Beyond the idea that makerspaces might occasionally come too close to commodifying venues which should resist commodification, I’m inclined to think that the proliferation of these spaces largely fails the Library 2.0 “smell test”, as outlined by Casey and Savastinuk (2007). For example, how likely is it that these spaces are designed according to observable user needs, as determined via a community analysis? How likely is it that these spaces and their capabilities are genuinely understood and properly definable by a sizable portion of library staff and administration? How likely is it that library staff are sufficiently informed and inspired to continually leverage these spaces for the benefit of their users? And, how likely is it that these spaces truly inspire creativity, enrichment, and connection, as opposed to productivity for productivity’s sake? The failure to take these considerations into account when implementing makerspaces strikes me as a prime example of “technolust,” as coined by our professor (p. 50). Really, what’s the use for the replication of some trendy device, model, or facility, if it’s not backed up by a clear, localized purpose?

Edpuzzle Blog. (2019). Making with a capital “M” – What is a makerspace?.

My fiancée, who is a preschool teacher, often laments “crap-tivities” in the classroom, otherwise known as arts and crafts activities which primarily aim to keep kids busy and occupied, rather than meaningfully engage their imagination, creativity, motor skills, and the like. While I don’t doubt that makerspaces can be thoroughly inspiring and engaging when designed effectively and intentionally—not to mention, supplied with quality programming—I also wonder how often their implementation results in crap-tivity mills which leave the community’s soul underserved and unfulfilled.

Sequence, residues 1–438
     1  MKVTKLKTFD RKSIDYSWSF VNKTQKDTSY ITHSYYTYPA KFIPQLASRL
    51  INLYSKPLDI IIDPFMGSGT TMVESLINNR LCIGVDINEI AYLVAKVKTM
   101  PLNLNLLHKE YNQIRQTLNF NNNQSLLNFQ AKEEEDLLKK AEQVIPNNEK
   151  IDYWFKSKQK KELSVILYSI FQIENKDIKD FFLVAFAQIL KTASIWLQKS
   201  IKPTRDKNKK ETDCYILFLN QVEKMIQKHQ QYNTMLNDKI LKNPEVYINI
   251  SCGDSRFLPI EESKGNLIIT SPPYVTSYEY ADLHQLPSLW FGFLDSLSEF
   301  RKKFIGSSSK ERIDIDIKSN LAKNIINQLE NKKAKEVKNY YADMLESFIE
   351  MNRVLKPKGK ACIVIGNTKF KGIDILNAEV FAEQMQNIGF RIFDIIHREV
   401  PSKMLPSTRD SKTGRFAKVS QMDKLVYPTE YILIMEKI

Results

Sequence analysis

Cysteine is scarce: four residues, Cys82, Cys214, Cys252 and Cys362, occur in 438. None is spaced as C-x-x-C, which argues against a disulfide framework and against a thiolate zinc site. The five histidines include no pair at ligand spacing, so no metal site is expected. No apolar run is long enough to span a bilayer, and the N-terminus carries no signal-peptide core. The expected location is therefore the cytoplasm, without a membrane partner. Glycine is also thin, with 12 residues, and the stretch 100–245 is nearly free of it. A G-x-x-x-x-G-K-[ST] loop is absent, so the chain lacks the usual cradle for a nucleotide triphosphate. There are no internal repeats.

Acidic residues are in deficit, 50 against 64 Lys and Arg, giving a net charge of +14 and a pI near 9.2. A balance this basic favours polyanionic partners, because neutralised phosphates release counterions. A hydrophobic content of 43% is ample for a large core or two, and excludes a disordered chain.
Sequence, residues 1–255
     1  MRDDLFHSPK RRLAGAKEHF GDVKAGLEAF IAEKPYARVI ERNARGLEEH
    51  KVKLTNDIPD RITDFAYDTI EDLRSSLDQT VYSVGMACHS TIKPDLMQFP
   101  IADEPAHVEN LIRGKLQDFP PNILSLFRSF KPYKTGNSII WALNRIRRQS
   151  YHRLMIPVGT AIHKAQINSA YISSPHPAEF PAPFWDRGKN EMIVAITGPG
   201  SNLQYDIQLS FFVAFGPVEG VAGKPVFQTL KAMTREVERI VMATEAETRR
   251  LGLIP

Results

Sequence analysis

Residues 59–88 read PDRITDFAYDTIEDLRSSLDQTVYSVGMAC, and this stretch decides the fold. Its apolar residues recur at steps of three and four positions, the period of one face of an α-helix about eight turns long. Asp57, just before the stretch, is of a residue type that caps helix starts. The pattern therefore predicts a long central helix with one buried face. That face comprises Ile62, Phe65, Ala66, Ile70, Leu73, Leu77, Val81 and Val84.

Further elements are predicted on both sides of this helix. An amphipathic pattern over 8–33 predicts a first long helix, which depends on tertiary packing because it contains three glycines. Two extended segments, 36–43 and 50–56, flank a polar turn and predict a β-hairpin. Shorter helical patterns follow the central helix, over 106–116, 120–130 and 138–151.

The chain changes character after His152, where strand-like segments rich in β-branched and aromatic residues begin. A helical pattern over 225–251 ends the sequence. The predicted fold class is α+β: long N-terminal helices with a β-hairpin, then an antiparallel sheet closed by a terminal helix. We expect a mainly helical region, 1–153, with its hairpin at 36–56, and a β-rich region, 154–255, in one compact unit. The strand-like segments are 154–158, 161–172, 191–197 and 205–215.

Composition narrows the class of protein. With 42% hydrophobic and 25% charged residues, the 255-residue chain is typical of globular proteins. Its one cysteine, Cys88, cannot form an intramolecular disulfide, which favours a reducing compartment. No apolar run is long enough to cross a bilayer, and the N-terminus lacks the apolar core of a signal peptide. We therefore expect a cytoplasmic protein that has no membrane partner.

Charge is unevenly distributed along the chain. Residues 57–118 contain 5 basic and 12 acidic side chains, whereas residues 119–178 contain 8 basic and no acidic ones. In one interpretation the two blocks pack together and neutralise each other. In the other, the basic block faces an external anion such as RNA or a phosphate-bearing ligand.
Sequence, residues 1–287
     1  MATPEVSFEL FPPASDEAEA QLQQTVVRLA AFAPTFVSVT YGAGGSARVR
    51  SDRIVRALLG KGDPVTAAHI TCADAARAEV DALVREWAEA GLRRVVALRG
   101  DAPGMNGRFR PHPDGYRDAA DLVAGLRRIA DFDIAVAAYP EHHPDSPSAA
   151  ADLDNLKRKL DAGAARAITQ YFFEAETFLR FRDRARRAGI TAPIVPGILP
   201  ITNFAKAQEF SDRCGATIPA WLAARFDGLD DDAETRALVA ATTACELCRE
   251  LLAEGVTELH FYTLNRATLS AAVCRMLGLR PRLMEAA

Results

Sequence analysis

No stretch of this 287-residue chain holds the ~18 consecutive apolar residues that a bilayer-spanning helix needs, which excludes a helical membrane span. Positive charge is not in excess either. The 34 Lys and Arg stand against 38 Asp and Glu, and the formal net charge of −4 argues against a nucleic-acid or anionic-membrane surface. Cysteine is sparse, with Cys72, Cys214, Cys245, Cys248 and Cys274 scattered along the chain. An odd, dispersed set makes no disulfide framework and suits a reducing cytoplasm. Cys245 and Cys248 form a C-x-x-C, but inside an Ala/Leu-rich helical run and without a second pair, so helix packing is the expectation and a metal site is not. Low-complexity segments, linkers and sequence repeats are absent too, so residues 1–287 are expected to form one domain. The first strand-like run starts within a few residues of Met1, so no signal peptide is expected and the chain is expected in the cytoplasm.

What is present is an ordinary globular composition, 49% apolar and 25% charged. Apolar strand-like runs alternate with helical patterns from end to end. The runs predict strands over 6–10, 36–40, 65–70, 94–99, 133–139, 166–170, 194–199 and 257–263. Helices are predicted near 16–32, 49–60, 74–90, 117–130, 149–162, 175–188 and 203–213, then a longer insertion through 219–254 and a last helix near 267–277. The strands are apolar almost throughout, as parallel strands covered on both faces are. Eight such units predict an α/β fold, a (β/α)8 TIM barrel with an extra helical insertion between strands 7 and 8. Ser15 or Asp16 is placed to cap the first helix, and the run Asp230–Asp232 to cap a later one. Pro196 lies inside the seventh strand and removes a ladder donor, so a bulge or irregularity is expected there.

Technolust, when it results in unfulfilling library services, strikes me as attributable to “thinking like a startup”, and not in the smart way. While Mathews (2012) offers a thought-provoking framework by which libraries can adjust to patrons’ needs when user expectations and tech standards are continually in flux, his preferred Silicon Valley buzzwords of “innovation” and “disruption” are easily overused by many, to the point of lazy, mindless cliche. Is a given service “innovative” or “disruptive” just because it incorporates tech not commonly associated with library spaces? And on that note, isn’t true innovation difficult to imagine when tech isn’t involved?

I look forward to further exploring services and methods by which libraries can continually prove their relevance and utility to users and nonusers alike, within the communities they serve. Casey and Savastinuk (2007) offer librarians the interesting advice that libraries should seek inspiration from commercial spaces which users might consider to be their primary “third places” (p. 34). However, echoing Mattern’s critique of makerspaces and neoliberalism, I wonder: should libraries aspire to replicate the feeling of shopping, or otherwise participating in a commodifiable, transactional way of life? Or, do libraries have the potential to harness their status as publicly funded cultural hubs, for the purpose of offering experiences and opportunities which truly disrupt our established notions of community, communication, and public space? What could this look like?